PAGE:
The goal is for your dog to wait until you release them to enjoy their reward. 

7 Activities or Games for Herding Dogs  

In addition to training your dog and managing their environment, you will need to provide daily physical and mental enrichment.

Each day I schedule time to play with the pups, and not just for my enjoyment. Playtime allows you to provide enrichment and a stronger bond with your dog.

Here are a few games and activities to help you get started!  

1. Enjoy a Fun Training Session

Training may not be the first thing that comes to mind when considering games, but training time can be fun!

Herding dogs are workaholics and thrive when given a job or a task. This is a great way to challenge their mind while appealing to their desire to work.

Try incorporating a fun new trick if you find training monotonous or boring.

For example, my boy Lucifer has been working on learning to pick up his toys and put them away in the toy box.

2. Play a Game of Fetch or Tug

Both fetch and tug are staples when it comes to playing with your dog, and for a good reason.

On the surface, they may not look like much. But they offer both physical and mental exercise.

As a bonus, both games can help to work on your dog’s self-control and restraint.

When you ask your dog to drop the ball or let go of the tug toy, you challenge them to disengage from something they are focused on.

This is a skill that will help with managing their herding behaviors.

3. Go for a Hike

Hikes are a great opportunity to burn some energy for an active dog. While navigating your local trail, allow your dog to explore their environment.

There are many great smells that will provide mental stimulation, helping to wear out even the most active dogs.

4. Try Scent Training

Scent work challenges your dog to use their nose to seek out different odors.

This is a great way to challenge your dog’s mind on a rainy day, as it doesn’t require going outdoors.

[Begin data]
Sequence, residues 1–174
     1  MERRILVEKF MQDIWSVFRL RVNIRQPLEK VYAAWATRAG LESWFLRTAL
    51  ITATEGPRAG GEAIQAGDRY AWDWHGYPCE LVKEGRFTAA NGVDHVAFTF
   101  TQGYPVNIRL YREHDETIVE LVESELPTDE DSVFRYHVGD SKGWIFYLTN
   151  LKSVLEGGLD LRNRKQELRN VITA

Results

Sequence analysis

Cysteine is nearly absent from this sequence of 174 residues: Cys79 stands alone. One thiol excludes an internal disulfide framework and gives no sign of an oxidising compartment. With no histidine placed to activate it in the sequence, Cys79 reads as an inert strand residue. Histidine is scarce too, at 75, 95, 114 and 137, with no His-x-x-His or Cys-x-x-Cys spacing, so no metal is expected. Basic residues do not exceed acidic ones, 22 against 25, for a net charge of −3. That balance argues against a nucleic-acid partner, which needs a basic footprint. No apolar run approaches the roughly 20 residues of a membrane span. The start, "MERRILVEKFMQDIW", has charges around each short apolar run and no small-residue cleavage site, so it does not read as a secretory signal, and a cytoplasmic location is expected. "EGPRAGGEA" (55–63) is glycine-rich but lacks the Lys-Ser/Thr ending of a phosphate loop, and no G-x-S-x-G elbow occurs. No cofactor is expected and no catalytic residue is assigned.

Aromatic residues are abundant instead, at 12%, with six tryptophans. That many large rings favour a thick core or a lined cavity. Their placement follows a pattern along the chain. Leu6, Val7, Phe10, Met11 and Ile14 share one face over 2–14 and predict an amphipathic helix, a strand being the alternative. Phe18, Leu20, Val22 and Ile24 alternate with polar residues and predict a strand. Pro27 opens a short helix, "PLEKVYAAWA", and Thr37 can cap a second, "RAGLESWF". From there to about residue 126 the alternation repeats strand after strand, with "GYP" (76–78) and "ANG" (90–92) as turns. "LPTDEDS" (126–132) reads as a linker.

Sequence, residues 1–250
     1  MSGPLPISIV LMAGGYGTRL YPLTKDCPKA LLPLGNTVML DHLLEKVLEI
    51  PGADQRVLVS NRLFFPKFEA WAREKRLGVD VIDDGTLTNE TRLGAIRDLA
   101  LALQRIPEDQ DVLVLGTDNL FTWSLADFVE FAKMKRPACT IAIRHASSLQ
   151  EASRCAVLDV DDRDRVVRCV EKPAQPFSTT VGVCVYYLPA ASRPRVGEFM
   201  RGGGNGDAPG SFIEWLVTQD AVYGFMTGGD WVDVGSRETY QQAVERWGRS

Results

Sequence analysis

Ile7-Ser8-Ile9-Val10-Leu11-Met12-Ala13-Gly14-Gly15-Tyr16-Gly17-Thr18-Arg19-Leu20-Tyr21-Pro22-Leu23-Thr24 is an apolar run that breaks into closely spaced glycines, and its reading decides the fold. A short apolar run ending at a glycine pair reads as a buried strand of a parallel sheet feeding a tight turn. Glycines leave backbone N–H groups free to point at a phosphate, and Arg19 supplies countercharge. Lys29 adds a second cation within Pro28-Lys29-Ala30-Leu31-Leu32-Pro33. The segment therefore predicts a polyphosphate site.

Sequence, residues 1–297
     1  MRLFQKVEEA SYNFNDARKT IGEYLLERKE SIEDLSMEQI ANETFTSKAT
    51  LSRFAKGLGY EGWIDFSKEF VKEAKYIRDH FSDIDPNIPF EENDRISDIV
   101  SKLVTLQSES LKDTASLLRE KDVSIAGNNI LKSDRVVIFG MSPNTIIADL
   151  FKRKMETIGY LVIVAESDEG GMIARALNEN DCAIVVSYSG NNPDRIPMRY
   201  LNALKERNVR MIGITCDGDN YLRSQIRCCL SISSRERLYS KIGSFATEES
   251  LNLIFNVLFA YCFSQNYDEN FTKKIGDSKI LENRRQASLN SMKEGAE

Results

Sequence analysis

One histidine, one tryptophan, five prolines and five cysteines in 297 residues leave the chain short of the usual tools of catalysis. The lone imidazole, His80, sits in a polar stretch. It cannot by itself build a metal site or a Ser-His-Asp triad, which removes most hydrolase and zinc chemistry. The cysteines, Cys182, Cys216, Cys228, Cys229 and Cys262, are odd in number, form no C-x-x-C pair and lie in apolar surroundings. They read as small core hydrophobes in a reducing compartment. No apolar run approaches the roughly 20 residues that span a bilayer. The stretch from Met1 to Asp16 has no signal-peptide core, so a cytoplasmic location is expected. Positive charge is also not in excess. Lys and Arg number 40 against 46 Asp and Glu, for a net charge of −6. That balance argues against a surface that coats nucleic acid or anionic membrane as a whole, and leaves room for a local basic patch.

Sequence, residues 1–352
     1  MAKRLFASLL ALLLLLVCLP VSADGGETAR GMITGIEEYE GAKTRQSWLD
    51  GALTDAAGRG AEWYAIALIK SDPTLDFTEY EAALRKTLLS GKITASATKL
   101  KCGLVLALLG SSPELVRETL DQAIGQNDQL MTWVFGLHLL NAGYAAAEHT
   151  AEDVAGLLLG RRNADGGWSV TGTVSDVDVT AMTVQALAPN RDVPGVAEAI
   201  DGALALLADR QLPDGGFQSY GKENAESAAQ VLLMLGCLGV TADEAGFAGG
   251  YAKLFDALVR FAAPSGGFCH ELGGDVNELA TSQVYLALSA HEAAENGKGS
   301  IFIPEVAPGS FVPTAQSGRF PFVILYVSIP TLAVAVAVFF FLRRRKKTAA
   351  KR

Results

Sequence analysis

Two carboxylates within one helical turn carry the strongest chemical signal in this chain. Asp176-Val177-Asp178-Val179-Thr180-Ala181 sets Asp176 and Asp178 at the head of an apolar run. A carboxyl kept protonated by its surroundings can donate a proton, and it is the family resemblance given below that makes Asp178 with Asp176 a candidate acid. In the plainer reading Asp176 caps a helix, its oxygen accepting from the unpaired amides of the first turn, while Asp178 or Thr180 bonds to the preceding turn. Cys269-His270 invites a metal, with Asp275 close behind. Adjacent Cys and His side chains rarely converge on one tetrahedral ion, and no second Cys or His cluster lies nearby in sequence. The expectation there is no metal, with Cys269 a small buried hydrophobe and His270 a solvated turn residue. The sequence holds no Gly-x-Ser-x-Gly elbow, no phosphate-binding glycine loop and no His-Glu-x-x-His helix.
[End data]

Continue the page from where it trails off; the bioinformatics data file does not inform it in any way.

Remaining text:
There are scent work kits that you can pick up to get started or stick to the basics by simply hiding your dog’s favorite treats and asking him to search for them.

5. Play a Game of Hide and Seek

One of my favorite herding dog games, hide and seek is a fun way for your kids to play with your dog in a safe and controlled manner.

Ask your dog to sit and stay in one location.

If they are still learning the stay command, you may need someone there to supervise the dog and keep them in place until you’re ready.

Find a hiding space that is out of your dog’s line of sight or in another room.

If you have younger kids, bring them with you to hide. Older kids can even find their own separate hiding spots.

When you’re ready, call your dog and watch as they use their sense of smell to find you. Stay quiet while they look so you don’t give yourself away!

When your dog does find you, reward them with praise or a treat reward.

6. Introduce Puzzle Games and Interactive Toys

There may be times throughout the day when you need to keep your herding dog occupied and entertained while you are busy.

As someone who works from home, this is a challenge that I am faced with quite often.

So, how do I keep the pups from interrupting Zoom calls or preventing me from completing my work?

Interactive toys like food puzzles, treat dispensers or toys that involve multiple pieces are the secret to success.